Try before you buy
Have you ever gone out and made one of those big purchases – the sort that you plan for ages and really look forward to – only to get your new toy home and find that, really, it's a bit of a disappointment? Go on, be honest with yourself. We've all been there.
Often, there's little you could have done to avoid such a situation. Such disappointments are often not due to a lack of pre-purchase research and product comparison, but only make themselves felt once you start actually using the product.
Take a test drive
Most of us are familiar with addressing this problem when buying cars. Few of us, after all, would buy a car without first taking it on a test drive. Of course, before doing that you'd decide on the make, model and features you're after, and check out the cost. You might have to drop this feature or that in order to keep the cost within your means – you might even have to change to a different model – but you wouldn't place an order until you'd test driven the car you'd settled on. You'd want to know what it's actually like to drive. After all, that's what it's for. Driving.
Having made your decision, you might decide not to buy the new car outright, but to pay for it over a period of time, maybe three or four years. For business use, you might decide not to buy it at all, but to lease it. These approaches, while usually more expensive than outright purchase in the long term, offer great benefits in both cash flow and flexibility terms.
Network equipment can be acquired in similar ways: outright purchase, staged payments or by renting it.
Renting can offer significant benefits – it can be a highly convenient, flexible and economical way of acquiring the kit you need. Even if you decide to purchase the equipment outright or via staged payments, it can be most useful to rent it first in order to perform longer-term in-situ testing. Such testing can give you a much higher degree of confidence that the new equipment will do what you need it to do when installed in your network, in turn increasing the chances of a successful purchase, and keeping everyone happy – including your finance department and boss!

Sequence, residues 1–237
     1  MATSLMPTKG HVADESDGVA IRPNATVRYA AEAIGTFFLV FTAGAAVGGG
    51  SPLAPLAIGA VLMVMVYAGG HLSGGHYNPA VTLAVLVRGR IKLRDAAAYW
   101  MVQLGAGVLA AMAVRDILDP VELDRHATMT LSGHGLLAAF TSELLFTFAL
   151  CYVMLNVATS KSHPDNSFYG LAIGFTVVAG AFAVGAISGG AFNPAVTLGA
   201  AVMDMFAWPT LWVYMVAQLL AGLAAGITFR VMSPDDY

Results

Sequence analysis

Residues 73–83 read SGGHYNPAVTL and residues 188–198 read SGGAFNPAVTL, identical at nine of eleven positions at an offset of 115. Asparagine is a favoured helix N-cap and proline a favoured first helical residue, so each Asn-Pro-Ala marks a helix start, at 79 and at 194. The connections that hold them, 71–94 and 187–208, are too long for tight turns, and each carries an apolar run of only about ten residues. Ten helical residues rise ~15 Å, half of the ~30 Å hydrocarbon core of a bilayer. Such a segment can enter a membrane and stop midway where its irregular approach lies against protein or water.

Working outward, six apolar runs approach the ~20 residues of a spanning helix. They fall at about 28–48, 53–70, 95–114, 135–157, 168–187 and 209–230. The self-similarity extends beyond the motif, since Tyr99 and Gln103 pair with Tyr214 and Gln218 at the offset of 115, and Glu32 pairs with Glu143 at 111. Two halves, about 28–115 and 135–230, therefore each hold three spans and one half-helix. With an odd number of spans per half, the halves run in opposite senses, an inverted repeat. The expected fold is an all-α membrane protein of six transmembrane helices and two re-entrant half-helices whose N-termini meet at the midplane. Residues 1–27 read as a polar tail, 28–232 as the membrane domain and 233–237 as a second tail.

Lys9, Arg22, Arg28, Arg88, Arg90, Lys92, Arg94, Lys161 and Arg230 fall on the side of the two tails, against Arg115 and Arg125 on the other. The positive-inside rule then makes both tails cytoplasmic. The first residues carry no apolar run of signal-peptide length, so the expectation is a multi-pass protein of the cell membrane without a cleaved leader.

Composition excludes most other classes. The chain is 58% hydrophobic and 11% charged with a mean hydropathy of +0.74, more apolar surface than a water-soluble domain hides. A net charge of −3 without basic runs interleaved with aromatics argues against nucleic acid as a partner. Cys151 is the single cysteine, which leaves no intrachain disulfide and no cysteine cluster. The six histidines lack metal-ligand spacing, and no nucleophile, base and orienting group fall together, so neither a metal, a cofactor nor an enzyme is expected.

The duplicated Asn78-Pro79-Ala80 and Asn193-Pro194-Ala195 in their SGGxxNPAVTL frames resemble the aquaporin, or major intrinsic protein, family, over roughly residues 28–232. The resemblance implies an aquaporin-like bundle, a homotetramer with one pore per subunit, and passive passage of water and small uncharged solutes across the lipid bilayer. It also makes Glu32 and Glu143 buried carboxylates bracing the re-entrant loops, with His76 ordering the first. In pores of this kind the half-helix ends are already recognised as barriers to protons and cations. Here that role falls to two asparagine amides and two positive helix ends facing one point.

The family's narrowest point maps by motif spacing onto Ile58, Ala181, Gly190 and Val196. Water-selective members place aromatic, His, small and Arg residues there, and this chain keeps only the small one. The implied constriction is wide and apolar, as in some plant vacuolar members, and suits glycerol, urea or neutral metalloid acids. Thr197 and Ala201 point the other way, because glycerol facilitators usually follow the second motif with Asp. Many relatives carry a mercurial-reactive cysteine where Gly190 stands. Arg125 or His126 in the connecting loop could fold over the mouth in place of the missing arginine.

Renting means savings
The principal goal of this series of networking tips is to help you save money – to control capital expenditure. That goal is even more important now than it was a couple of years ago when we started this series. With the economic climate as it is, capital budgets are under much increased pressure.
Renting removes the need for major capital expenditure on network kit. Instead, it is funded via a series of regular rental payments. These are typically orders of magnitude smaller than the outright purchase would have been.
Perhaps the biggest financial benefit of renting is in the the tax savings it realises. Outright purchases must be accounted for through capital allowances, while rental fees can be charged directly against revenues for corporation tax purposes. Significant savings in tax can be achieved, as well as removing the need for major capital expenditure.
There is another, less immediately obvious, way in which renting can save you money, though – less obvious because it has to do with the end of the device's useful life on your network. Obsolete products are typically more difficult to dispose of. If you need to source a product which is near, at or beyond its end-of-life, then consider either purchasing it refurbished, or renting it. By renting, you can remove the risk of finding yourself at a later date left with an obsolete product that you can't resell.
At Go Communications many of our customers are regularly mixing outright purchasing with renting to help them address the new financial constraints that they must work within the current economic climate.
Minimise your exposure to financial and other risks. Take your new network kit for an extended test drive by renting rather than purchasing outright. If it doesn't work out, you'll have minimised or completely avoided any egg-on-face. And if it does do what you hoped, then you'll find yourself everyone's new best friend – your customers, your boss and perhaps even the bank manager!